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Publication numberUS20050135732 A1
Publication typeApplication
Application numberUS 10/738,064
Publication dateJun 23, 2005
Filing dateDec 17, 2003
Priority dateDec 17, 2003
Also published asCN1333279C, CN1629671A, US7058247
Publication number10738064, 738064, US 2005/0135732 A1, US 2005/135732 A1, US 20050135732 A1, US 20050135732A1, US 2005135732 A1, US 2005135732A1, US-A1-20050135732, US-A1-2005135732, US2005/0135732A1, US2005/135732A1, US20050135732 A1, US20050135732A1, US2005135732 A1, US2005135732A1
InventorsJohn Crow, Casimer DeCusatis, Jeffrey Kash, Jean Trewhella
Original AssigneeInternational Business Machine Corporation
Export CitationBiBTeX, EndNote, RefMan
External Links: USPTO, USPTO Assignment, Espacenet
Silicon carrier for optical interconnect modules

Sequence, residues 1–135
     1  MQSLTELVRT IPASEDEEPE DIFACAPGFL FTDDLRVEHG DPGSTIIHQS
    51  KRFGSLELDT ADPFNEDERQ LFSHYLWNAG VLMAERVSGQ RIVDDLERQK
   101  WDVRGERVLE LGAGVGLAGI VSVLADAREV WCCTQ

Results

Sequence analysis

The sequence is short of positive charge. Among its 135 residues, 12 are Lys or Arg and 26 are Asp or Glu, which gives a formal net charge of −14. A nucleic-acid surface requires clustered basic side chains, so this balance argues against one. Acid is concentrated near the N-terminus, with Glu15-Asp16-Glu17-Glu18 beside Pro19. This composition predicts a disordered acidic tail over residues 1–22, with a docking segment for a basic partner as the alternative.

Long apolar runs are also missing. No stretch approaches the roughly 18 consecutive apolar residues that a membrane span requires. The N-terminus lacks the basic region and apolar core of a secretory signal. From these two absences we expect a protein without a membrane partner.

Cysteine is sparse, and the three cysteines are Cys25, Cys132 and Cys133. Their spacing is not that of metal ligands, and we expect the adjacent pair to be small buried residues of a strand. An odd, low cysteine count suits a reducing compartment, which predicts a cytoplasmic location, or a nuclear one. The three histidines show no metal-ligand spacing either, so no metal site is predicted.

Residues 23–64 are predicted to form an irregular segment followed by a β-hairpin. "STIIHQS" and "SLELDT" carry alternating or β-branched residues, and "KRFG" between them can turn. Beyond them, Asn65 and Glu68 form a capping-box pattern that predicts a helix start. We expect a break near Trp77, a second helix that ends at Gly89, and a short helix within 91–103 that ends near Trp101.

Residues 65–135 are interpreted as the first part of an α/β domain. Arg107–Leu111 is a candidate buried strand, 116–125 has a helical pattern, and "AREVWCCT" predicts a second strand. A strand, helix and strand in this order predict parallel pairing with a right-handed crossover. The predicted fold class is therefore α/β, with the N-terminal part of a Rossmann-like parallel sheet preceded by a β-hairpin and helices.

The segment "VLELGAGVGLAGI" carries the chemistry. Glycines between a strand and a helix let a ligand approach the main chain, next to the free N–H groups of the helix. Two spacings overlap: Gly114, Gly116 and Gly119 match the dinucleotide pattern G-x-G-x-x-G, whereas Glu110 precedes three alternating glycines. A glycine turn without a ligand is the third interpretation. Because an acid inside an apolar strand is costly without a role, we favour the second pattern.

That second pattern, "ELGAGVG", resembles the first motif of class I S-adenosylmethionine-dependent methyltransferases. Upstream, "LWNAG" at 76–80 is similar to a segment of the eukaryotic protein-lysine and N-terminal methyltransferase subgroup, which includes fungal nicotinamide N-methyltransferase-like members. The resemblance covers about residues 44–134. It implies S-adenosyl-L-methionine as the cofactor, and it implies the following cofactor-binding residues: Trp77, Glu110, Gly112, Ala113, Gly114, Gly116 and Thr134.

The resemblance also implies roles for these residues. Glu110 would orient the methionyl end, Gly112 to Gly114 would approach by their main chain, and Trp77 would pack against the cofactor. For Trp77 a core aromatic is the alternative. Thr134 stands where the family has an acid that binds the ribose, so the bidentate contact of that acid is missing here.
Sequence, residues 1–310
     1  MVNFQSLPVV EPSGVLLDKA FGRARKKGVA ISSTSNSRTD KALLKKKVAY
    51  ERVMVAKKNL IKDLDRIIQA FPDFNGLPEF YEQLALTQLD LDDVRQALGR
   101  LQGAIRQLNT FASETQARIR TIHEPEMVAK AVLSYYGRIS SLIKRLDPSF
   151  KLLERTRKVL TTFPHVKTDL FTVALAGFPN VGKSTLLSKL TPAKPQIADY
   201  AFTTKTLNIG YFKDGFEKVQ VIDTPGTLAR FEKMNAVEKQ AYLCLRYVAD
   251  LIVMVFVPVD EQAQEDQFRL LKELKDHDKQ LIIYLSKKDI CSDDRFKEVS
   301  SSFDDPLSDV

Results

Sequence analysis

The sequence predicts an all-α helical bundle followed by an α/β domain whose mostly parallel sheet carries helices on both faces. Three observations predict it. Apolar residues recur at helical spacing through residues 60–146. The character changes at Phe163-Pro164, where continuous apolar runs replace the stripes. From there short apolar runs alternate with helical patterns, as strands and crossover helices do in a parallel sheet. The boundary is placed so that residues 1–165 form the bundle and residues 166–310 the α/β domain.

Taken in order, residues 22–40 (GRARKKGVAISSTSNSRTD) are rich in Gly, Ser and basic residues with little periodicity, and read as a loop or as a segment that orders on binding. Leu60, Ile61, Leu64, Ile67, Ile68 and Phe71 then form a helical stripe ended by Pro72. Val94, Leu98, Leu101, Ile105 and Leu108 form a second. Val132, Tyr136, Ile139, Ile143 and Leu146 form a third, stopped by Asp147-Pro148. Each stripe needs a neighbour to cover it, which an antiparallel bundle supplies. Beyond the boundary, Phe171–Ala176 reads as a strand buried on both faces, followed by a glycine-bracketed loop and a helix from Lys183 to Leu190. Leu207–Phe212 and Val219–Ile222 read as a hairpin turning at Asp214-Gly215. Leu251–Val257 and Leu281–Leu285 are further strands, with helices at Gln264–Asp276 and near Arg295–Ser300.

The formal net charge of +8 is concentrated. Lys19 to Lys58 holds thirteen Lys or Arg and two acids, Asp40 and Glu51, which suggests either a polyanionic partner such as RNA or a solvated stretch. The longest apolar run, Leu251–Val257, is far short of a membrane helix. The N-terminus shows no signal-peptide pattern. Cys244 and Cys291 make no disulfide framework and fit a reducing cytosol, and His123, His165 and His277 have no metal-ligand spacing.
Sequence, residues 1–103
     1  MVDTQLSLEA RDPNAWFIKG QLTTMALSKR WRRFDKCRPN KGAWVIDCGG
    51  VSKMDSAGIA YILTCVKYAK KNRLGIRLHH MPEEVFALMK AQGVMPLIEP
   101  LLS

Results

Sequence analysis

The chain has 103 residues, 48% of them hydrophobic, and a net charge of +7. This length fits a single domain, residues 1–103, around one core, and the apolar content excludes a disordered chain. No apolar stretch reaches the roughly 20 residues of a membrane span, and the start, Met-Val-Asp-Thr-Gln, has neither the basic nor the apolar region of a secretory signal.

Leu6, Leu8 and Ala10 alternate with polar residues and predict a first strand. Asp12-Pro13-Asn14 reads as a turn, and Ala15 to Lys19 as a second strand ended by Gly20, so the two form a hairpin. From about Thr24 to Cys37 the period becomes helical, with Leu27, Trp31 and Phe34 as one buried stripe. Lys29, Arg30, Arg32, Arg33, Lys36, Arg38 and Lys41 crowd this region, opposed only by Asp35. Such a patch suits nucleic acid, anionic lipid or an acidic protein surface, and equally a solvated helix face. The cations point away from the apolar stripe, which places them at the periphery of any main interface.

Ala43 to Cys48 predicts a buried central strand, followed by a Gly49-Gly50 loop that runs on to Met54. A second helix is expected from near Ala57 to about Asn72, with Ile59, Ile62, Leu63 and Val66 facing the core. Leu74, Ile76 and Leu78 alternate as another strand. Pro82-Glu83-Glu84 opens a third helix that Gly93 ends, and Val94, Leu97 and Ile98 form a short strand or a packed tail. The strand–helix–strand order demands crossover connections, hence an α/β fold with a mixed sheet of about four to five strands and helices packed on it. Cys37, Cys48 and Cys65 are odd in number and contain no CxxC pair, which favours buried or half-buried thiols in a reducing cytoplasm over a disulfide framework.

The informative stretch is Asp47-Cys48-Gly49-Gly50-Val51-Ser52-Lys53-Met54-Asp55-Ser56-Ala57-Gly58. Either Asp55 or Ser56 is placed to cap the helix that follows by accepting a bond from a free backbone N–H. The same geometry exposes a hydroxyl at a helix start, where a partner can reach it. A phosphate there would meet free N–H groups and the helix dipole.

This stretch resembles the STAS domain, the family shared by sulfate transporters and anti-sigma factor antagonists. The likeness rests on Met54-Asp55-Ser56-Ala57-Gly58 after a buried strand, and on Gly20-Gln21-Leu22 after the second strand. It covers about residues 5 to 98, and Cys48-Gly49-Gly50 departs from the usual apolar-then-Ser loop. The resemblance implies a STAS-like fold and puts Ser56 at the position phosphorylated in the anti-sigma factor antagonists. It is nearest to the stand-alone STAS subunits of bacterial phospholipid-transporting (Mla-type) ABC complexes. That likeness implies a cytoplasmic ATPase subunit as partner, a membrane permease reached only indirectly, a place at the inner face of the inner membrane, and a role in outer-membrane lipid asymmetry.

US 20050135732 A1
Abstract
An embodiment of the invention is an optical interconnect module comprising a silicon carrier; a communication integrated circuit mounted on the silicon carrier and an optical integrated circuit flip chip mounted on the silicon carrier. The optical integrated circuit is in electrical communication with the communication integrated circuit by electrical paths in the silicon carrier. Optical paths in the silicon carrier provide optical coupling between the optical integrated circuit and an optical link.
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Claims(19)
1. An optical interconnect module comprising:
a silicon carrier;
a communication integrated circuit mounted on said silicon carrier;